Thursday, August 28, 2014

We Are Ready For Some Football

We enter the 2014 college football season with a ton of additional pregame and weekly programs on the various regional and national sports networks, as well as the debut of the SEC Network. This will be the first season in which the three largest conferences, the Big Ten, SEC, and PAC 10 all have their own networks to televise their games and provide surrounding programming to fans around most of the country.

On top of those, ESPN has announced a 13-year extension of its rights to the MAC (Mid-American Conference), maintaining "ownership" rights to every conference controlled football and basketball game through the 2026-27 season.

Fox Sports 1 begins a new studio program "Countdown to Kickoff" which will air almost every hour from Friday night until Noon ET on Saturdays in one hour segments, mostly repeated. They are guessing that a few people at a time will watch for an hour. Incredibly, Fox Sports "announced" that the show will be "hosted" by a variety of analysts and "insiders", rather than naming a formal host.

This, while ESPN continues its Game Day program which originates from a different game venue every Saturday and provides live reports from around the country. Now, Fox Sports counters with hours of a replay of a show with whoever shows up in their studio. It is along the same lines of how FS1 is going after ESPN with its MLB Whiparound show, that always seems to be up against ESPN Baseball Tonight during the week. If only they would come up with a reason to tune in.

Also at ESPN, they have decided that "Olbermann" is better suited to its daytime lineup instead of being moved around during its late night run. The show is moving to 5 PM ET Monday through Friday starting on September 8th. However, it will be shortened to a half-hour show from its current one hour length. The feeling here is that airing at a consistent time and being immediately better than anything else on sports networks going against it will outweigh the reduced length. The show will rarely be up against live sports during the week. No more problems such as Olbermann's excellent Pete Rose special (which debuted on Monday 8/25) airing from 10 minutes after one hour into the next, for example. I can hear Keith's opening statement on his daytime show, which will probably be something like "Surprise! We'll be here at the same time now."


ATLANTA: In the local radio version of the no-huddle offense, the Falcons changed FM flagships stations in between exhibition games last week. After the first two games this month aired on WSTR Star 94 (a music station), the games were moved (on less than two days notice for the 8/23 broadcast) to WZGC The Game 92.9. While it is understandable that CBS wants the Falcons on its FM sports station in an attempt to give it a pulse for the ratings, the AM station airing the same broadcasts is its competition. WQXI 790, which has less than half of the total overall audience of The Game, is the local ESPN Radio station.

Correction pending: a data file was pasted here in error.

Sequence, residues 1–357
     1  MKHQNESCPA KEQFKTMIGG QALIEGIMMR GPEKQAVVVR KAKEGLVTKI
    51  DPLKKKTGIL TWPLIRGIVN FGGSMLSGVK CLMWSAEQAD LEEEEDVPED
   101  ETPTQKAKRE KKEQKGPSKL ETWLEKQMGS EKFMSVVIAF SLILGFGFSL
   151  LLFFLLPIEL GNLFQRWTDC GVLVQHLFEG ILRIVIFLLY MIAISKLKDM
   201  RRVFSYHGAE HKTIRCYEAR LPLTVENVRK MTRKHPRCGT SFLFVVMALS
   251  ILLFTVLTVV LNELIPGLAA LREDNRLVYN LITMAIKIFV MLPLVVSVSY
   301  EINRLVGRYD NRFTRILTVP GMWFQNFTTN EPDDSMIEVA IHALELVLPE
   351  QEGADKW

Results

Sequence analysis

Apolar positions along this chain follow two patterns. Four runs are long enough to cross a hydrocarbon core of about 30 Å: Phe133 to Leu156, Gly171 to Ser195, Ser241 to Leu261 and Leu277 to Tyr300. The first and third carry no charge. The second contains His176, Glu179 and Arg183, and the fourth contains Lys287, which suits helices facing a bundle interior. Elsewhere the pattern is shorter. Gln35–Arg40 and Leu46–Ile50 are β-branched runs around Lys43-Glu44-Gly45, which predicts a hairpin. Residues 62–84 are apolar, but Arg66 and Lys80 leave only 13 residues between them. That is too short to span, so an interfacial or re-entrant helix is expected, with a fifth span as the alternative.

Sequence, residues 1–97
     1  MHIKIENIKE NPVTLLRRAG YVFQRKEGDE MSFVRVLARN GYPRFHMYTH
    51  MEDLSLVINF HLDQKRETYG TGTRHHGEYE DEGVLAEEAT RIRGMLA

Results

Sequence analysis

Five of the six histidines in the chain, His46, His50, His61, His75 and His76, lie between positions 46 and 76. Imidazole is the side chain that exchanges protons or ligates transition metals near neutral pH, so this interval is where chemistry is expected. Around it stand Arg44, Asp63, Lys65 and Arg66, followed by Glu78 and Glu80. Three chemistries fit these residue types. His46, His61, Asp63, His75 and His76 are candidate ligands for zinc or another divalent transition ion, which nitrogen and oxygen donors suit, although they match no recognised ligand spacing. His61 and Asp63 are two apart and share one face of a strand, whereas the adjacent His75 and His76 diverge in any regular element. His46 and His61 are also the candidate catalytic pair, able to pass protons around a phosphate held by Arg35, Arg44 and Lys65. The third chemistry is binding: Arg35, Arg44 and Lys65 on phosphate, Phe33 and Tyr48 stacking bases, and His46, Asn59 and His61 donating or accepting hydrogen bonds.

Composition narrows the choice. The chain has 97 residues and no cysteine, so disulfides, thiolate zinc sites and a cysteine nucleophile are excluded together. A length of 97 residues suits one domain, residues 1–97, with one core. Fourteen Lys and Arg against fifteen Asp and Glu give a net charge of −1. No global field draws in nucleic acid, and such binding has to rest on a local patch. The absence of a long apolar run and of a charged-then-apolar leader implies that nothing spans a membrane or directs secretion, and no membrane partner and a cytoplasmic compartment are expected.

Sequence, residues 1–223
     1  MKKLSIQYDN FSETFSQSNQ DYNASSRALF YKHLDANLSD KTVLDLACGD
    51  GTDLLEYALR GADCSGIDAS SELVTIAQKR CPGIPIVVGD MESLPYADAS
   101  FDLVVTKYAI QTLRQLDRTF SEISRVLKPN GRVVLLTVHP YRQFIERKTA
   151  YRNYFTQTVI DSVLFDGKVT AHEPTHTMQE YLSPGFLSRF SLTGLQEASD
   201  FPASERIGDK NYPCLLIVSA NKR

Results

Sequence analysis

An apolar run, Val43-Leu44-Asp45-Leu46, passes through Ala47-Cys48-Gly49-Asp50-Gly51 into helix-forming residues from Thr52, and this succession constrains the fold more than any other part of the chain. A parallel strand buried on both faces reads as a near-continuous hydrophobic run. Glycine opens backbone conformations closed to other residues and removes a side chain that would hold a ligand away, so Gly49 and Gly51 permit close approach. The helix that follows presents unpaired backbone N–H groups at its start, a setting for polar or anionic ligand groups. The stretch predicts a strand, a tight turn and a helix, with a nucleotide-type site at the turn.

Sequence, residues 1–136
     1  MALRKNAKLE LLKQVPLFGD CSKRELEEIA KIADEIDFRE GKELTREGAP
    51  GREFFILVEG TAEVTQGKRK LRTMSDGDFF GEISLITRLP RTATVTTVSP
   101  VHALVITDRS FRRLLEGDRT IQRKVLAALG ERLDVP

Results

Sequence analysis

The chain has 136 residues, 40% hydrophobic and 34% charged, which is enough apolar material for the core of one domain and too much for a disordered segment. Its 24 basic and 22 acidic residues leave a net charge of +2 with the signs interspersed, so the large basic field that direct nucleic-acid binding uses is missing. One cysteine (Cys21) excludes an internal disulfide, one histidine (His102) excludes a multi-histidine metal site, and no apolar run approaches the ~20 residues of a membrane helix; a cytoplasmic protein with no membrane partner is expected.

It will be interesting to listen for the promotional announcements during the Falcons broadcasts when the regular season starts, since WQXI (ESPN) is technically the flagship station. Although CBS is probably doing this in order to get a foot in the door for future rights, there is the possibility that The Game could be airing mentions of its nearest competitor during these games.


LOS ANGELES: KFWB 980 decided not to wait until next week to convert from News/Talk to sports, having done so on Monday (8/25). However, the CBS Sports national feed will run exclusively for at least these two weeks before a little bit of local programming finally turns up. The station will air NFL games on Sunday evenings, Monday, and Thursdays via Westwood One, some "national" college football on Saturdays, and, of course, remains the flagship station of Clippers basketball.


CHICAGO: With host Dan McNeil not returning to WSCR 670 The Score, the station has added just retired Chicago Bear Patrick Mannelly as midday co-host. Mannelly joins Matt Spiegel starting on Tuesday (9/2) from 9 to 1 PM weekdays.


HOUSTON: KILT 610 has come up with an effective use of the station web site, by now streaming its midday show with Mike Meltser and Seth Payne. The show has led the station's ratings growth of the past year. In an even nicer innovation, the stream simulcast includes a scroll of sports headlines at the bottom.


PHILADELPHIA: Temple University football games begin airing on WPEN 97.5, and will continue to have Harry Donahue calling play-by-play for at least this season. Donahue will keep this position even though he retired last week (8/22) after 35 years on the morning show of KYW News 1060 and more than 40 years total with that station.


PITTSBURGH: WBGG 970 has announced that Duqesne University football broadcasts which have scheduling conflicts will result in those games airing on WJAS 1320 this season. In addition WBGG will be airing weekly coaches shows for both football and basketball.


NASHVILLE: Three hosts in the afternoon proved to be too many. For the station, not for the listeners. Despite ratings success, Clay Travis is officially out from 104.5 The Zone and its afternoon drive "3HL Show" after contract negotiations stalled. Travis reportedly wants to stay in local radio but has a 90-day non-compete clause to contend with. Brent Dougherty and (former Titan) Blaine Bishop remain as the two co-hosts for the show. Travis will continue as an analyst with Fox Sports for the football season.

Tuesday, August 19, 2014

WTMJ Leads The Way In More Ways Than One